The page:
As my focus has been on my other blogs this blog has been snoozing since our return from the around the world trip. I'll re-post a few old favorites in the meantime until I am able to properly shake it awake.
The idea was, evidently, not original. Our host smiled and nodded vigorously - "Yes, you climb volcano!!" - and arranged for Bapa Saleh, the guide, to meet me at five the next morning. I say "me" and not "us" as Lorraine has an uncanny intuition for detecting when I'm being an idiot.
So Bapa Saleh and I set off across Banda harbour in a dugout canoe at five the next morning, with me in splendid anticipation of the magnificent view from the peak of Gunung Api that would be had of dawn breaking over the glittering Banda Sea.
This anticipation was almost immediately replaced by bewilderment and then ever-higher states of anxiety as it became painfully clear that this thing was actually going to be bloody difficult to ascend. The volcano was entirely covered by loose sharp rocks on a slope as utterly steep as gravity and the established principles of physics would allow a slope of loose sharp rocks to be. Consequently I was reduced to scrabbling up on all fours with three slips down for every four scrabbles up. In short order, despite the pre-dawn coolness, I was completely saturated in sweat, coated in grime (albeit exotic volcanic grime) and both my knees were bleeding.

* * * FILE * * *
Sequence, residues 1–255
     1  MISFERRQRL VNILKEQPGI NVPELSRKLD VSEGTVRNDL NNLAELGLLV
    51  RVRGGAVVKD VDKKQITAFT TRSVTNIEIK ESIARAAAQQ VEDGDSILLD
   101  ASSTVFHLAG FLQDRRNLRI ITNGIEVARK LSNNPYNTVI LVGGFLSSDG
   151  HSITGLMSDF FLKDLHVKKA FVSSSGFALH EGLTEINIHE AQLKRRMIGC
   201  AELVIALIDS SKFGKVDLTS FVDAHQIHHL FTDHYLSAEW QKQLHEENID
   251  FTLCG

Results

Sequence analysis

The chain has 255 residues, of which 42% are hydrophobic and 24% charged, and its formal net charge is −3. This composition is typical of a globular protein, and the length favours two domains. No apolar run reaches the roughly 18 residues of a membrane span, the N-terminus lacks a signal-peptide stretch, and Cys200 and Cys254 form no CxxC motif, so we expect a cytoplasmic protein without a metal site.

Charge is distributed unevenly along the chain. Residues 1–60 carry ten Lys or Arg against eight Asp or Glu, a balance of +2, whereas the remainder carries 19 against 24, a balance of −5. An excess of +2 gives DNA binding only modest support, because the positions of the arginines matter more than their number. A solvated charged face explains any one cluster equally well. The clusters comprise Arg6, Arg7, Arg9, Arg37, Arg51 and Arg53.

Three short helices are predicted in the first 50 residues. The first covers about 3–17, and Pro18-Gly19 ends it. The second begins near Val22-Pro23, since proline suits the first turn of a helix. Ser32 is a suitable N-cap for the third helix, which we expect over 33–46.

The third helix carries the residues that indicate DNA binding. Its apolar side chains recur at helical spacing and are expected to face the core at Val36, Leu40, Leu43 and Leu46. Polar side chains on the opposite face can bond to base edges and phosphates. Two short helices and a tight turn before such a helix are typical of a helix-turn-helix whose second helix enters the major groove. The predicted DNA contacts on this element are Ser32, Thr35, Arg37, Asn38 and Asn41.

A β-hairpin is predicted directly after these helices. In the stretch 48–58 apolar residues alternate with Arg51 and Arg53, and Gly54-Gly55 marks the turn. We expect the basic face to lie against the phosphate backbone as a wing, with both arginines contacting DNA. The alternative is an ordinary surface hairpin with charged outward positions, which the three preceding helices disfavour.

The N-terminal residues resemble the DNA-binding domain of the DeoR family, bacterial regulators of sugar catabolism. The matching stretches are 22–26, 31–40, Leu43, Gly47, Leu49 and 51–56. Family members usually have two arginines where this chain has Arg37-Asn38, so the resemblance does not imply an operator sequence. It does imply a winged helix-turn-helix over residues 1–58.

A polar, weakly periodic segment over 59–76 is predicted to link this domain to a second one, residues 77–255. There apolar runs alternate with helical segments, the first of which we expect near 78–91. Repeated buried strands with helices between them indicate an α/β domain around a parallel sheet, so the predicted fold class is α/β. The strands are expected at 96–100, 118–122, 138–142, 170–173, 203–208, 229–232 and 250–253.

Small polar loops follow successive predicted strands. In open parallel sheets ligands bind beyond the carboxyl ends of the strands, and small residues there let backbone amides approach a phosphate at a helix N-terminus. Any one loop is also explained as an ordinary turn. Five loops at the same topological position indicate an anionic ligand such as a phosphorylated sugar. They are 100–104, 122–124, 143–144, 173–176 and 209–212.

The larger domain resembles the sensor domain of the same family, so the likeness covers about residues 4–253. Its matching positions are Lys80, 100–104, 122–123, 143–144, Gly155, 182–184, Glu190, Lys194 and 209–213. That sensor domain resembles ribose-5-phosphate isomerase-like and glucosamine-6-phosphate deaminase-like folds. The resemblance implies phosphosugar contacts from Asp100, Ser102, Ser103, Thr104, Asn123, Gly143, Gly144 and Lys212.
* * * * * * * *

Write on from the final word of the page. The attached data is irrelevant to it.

At this point it probably bears mentioning that I am a (relatively) young and healthy man. Bapa Saleh was sixtyish, wearing only bathing shorts and a Kentucky Fried Chicken t-shirt and was in bare feet. Bare feet! Moreover, the man could move at an incredible clip and, perversely, his only English was "Slowly, slowly!" which he would periodically shout down to where I lay gasping and panting as he continued to skip up the mountain.
Then it began to rain. Hard.
I have few recollections of the rest of that climb other than that of a strong smell of sulphur and a hazy photo taken by the hugely smiling Bapa Saleh with me looking like something that might have been found in the trenches at the Somme, clutching an Indonesian phrasebook and sitting at the utterly socked-in summit.